This summer Bangor University‘s School of History, Welsh History and Archaeology will return to the site of the ‘double ringwork’ hilltop enclosure at Meillionydd, near Rhiw, on the Llŷn peninsula in northwest Wales for a fifth excavation season.
Despite producing one of the most well-preserved, abundant, and comprehensively surveyed settlement records in Wales, the archaeology of the area remains under-researched and poorly understood: few recent excavations have been carried out, chronologies are not well defined, and environmental assemblages are rare. The emergence and development of monumental features including hillforts, ringworks and hilltop enclosures, remain particularly enigmatic. This year, the project will focus on further examining the cobbled road leading from the entrance through the outer bank to the inner entrance, which was first discovered in 2012.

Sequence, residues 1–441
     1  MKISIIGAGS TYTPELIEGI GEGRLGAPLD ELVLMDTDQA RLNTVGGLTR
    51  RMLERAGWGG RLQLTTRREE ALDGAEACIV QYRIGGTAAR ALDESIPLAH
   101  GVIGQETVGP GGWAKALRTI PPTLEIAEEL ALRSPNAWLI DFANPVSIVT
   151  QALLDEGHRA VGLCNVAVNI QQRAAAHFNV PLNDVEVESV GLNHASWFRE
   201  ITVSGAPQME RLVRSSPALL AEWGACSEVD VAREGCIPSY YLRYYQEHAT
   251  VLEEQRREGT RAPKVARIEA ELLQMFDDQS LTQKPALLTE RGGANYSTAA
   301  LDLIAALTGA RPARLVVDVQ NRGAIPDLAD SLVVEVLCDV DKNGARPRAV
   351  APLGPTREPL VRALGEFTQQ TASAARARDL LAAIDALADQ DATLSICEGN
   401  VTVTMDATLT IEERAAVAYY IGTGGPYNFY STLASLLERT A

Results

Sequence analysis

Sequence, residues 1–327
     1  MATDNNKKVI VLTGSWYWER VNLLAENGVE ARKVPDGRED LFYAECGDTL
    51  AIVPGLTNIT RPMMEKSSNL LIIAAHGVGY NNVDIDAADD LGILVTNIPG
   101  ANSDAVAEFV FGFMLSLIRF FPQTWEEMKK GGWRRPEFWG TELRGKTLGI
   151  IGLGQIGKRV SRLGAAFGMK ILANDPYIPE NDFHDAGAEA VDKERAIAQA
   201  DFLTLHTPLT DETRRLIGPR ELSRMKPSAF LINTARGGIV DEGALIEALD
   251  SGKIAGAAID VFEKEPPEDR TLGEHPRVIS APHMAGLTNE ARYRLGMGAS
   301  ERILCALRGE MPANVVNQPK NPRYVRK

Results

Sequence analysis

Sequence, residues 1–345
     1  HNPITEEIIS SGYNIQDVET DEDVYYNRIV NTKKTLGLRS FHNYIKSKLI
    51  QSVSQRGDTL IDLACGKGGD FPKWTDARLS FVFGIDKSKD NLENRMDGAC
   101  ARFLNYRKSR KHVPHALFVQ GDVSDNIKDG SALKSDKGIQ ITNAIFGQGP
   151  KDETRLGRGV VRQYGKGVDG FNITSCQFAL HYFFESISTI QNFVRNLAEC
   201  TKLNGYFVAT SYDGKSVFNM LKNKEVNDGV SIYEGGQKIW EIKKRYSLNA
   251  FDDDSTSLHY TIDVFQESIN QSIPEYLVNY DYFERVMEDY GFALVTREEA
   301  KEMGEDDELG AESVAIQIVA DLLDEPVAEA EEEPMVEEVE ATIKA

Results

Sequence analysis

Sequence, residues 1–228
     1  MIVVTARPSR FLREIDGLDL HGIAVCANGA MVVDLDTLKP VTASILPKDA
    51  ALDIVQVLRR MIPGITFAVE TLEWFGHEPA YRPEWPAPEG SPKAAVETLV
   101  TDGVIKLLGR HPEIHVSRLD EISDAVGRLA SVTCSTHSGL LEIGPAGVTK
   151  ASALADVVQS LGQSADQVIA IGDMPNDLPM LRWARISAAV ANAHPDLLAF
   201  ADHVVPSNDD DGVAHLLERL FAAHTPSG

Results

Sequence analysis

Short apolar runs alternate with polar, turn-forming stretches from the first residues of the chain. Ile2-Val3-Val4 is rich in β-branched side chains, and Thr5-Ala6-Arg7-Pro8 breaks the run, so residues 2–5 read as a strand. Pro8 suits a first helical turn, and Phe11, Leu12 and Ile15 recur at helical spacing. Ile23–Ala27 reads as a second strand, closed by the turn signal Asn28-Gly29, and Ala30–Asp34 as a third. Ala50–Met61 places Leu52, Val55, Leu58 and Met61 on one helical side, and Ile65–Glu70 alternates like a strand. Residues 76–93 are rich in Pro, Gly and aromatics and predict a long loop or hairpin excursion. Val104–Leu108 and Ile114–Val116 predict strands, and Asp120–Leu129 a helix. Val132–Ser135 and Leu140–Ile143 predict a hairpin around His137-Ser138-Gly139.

The excavation, taking place in June and July, is run as an archaeological field school for archaeology students. The project is also open to a limited number of external volunteers, all of whom will be trained in archaeological excavation and field recording techniques alongside the students. Preference may be given to volunteers who do have some archaeological fieldwork experience, depending on supervision capacity of excavation staff. Welsh-speaking participants are also preferred.
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